• Chip Barnett

Long term opportunities

When shopping, most of us compare items, especially for a first time purchase. Sometimes we stick with what we know, because our experiences tell us it will save aggravation and the cost of buying "the right one" next time.

What if you knew the two items performed almost exactly the same over time, and there was a significant price difference right now? Would you stick with what you're familiar with, or would you try buying the substitute, because a friend told you it was a way better deal?

This is where investing gets interesting. On paper, we know we should buy the substitute. When it comes time to make the decision to spend our own money, most of us stick with what we know. The behavioral gets in the way of the quantitative. The art muddies up the science.

Let's look at 3 relationships that have diverged materially - two within equities, one within fixed income - that, in the past, have represented significant opportunities for patient investors.

Stocks: Growth versus Value

Within stocks, there are "value" companies, like banks, consumer staples, and utilities, and there are "growth" companies, like tech, consumer discretionary, and business services. They are all stocks, and as part of an index, they perform similarly over the long run. Look below at growth, in blue, and value, in red, over the past 5 years. Remember growth crushed value in the late 1990s as everyone wanted to get in on tech. I worked at the time for two value managers, and they were pulling their hair out. Value had its day between 2000 and 2002 as the dot com bubble popped. Today, with low interest rates making life difficult for banks, and Covid keeping everyone home and on their computer, growth is hot and value is not. The "FAANG" stocks (Facebook, Amazon, Apple, Netflix and Google) can do no wrong. Except, the cycle never ends, and one day value will be so cheap, and growth so expensive, the divergence will revert.

Stocks: Large versus Small

Let's comparison shop some more, inside stocks again, this time between large cap and small cap. Small cap actually has slightly stronger long term performance than large cap. The rationale being that small caps tend to perform better while the economy is growing, and the economy spends more time growing than contracting. Recently, a big gap between the two has come about. In the below five year chart, large cap is in blue, small cap in red. You can see the divergence start during the downturn in the 2nd half of 2018, and widen throughout 2019. It's like small caps were predicting the recession. Large caps played their part, relatively outperforming as the economy paused and weakened this year. Going forward? If you think the economy will stop getting worse and start improving slowly, it could be a great time to take profits in large cap and move into small caps.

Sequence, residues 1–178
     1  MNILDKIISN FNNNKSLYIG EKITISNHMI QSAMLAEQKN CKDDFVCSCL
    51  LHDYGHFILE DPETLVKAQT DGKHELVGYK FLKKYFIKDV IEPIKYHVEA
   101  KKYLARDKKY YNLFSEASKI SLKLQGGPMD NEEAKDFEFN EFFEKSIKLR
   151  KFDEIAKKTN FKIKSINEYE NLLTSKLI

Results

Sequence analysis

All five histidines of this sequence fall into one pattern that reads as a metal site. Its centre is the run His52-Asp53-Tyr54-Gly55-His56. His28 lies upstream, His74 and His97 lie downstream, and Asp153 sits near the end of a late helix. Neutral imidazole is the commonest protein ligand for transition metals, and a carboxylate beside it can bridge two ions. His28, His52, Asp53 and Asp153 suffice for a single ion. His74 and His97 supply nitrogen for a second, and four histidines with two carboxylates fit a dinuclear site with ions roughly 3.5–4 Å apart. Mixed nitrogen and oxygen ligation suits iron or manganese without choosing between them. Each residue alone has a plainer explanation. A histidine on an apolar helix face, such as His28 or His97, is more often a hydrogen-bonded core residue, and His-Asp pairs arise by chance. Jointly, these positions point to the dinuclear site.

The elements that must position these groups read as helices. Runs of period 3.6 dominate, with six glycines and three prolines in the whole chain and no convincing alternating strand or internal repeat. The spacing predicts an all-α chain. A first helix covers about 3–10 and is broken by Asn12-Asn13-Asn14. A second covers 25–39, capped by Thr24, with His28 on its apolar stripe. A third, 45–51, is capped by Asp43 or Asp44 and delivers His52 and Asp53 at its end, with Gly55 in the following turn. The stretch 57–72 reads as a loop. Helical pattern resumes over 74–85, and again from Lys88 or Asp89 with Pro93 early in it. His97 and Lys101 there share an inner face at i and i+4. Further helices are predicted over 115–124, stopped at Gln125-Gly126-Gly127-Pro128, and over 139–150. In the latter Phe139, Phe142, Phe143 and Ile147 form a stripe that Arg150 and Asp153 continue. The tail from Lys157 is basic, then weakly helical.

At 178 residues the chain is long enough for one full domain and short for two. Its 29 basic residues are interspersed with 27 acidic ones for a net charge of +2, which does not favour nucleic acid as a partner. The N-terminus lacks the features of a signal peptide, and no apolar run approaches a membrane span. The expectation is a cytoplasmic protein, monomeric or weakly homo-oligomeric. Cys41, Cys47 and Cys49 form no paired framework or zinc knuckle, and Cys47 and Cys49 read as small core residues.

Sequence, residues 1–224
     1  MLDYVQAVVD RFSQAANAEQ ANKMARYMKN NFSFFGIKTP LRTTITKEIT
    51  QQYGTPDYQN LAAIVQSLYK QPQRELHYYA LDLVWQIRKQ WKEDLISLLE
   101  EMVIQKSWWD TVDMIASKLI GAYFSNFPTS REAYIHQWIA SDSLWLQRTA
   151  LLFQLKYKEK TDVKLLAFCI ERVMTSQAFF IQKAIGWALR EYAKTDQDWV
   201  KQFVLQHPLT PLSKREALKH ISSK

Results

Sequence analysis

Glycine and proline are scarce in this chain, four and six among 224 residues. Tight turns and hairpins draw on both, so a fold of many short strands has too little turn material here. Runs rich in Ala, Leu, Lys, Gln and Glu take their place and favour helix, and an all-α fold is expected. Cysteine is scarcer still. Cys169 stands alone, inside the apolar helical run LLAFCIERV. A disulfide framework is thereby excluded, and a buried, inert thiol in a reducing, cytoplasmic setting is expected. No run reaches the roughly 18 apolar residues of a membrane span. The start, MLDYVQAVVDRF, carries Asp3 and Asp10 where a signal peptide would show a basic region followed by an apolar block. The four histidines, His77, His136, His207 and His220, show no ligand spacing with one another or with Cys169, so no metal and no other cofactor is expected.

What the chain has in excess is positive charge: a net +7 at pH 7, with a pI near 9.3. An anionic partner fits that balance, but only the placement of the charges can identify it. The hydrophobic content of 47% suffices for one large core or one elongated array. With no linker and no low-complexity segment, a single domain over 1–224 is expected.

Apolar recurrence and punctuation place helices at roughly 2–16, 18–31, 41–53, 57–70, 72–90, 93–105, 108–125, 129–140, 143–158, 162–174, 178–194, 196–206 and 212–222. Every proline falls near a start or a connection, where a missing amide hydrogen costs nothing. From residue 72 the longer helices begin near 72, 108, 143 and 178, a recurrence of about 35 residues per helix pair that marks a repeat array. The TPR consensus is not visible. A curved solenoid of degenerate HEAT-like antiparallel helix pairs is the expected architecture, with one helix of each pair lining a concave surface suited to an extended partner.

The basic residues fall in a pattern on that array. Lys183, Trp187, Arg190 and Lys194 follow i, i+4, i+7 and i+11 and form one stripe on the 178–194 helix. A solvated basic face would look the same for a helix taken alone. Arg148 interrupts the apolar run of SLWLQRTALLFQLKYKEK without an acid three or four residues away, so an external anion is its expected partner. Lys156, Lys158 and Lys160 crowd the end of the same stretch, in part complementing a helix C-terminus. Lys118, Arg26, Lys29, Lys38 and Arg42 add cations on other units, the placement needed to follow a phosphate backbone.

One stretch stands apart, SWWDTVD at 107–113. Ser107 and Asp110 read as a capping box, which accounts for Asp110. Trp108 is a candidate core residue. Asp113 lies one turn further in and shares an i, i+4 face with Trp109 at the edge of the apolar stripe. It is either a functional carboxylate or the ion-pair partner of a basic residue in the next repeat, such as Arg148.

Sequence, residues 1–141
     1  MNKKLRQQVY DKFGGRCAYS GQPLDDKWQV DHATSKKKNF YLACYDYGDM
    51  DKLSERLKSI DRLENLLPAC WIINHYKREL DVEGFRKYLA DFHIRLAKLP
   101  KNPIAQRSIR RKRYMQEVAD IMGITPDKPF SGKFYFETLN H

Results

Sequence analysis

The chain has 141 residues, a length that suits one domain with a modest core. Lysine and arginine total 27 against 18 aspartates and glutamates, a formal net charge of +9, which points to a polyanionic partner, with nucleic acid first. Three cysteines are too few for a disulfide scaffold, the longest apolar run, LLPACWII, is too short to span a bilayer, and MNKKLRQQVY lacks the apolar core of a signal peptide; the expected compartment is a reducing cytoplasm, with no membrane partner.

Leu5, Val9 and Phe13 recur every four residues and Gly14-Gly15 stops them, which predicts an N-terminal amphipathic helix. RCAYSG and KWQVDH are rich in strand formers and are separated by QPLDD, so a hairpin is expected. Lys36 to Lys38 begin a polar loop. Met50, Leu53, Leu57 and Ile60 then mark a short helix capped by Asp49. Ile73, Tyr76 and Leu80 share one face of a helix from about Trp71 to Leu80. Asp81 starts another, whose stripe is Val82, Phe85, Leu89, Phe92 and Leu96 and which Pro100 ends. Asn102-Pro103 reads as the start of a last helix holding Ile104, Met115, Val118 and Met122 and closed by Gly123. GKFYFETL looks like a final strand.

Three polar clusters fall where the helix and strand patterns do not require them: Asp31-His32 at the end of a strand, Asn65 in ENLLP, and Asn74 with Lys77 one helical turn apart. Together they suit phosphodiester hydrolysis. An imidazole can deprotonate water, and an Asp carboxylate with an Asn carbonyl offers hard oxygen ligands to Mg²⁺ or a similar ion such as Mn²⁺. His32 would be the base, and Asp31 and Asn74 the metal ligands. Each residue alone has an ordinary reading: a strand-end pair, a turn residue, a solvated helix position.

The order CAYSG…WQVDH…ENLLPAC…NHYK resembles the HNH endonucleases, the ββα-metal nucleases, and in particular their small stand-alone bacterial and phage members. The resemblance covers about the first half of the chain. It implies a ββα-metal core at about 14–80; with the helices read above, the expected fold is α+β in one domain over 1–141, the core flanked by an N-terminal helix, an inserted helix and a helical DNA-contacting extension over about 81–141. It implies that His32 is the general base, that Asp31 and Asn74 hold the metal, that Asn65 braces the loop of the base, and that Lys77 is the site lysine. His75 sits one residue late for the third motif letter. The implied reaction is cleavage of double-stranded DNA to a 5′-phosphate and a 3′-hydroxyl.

Bonds: Safe versus High Yield

The last disparity I want to show is in the bond world, between safe bonds and risky bonds. What bond is safer than a bond that has the faith and credit of the U.S. Treasury? If you read the newspaper today, in May of 2020, you will see stories about companies filing for bankruptcy. Most rational investors would want the safe, at the expense of the risky.

Today, safe doesn't pay. Literally. After taxes (if the IRS ever goes back to collecting them) and inflation (I'm using 1% inflation to make "safe" seem risky - how times have changed) a safe bond is lucky to be flat year over year.

When business conditions are tough for some companies and borrowing is expensive, investors can lend out capital at 5-10% rates of annual return. There's some risk, sure, but if you own a fund that owns several hundred different high yield bonds, your worry of the one or two companies that default is much less of a worry. You sit back and collect the interest payments. Right now, because of where we are in the economic cycle, everyone wants safe and no one wants risky. Safe is in red, high yield is in blue:

The point of all three of these dynamics is to show that there are cycles, and we can use the historical patterns prudently, to our advantage.

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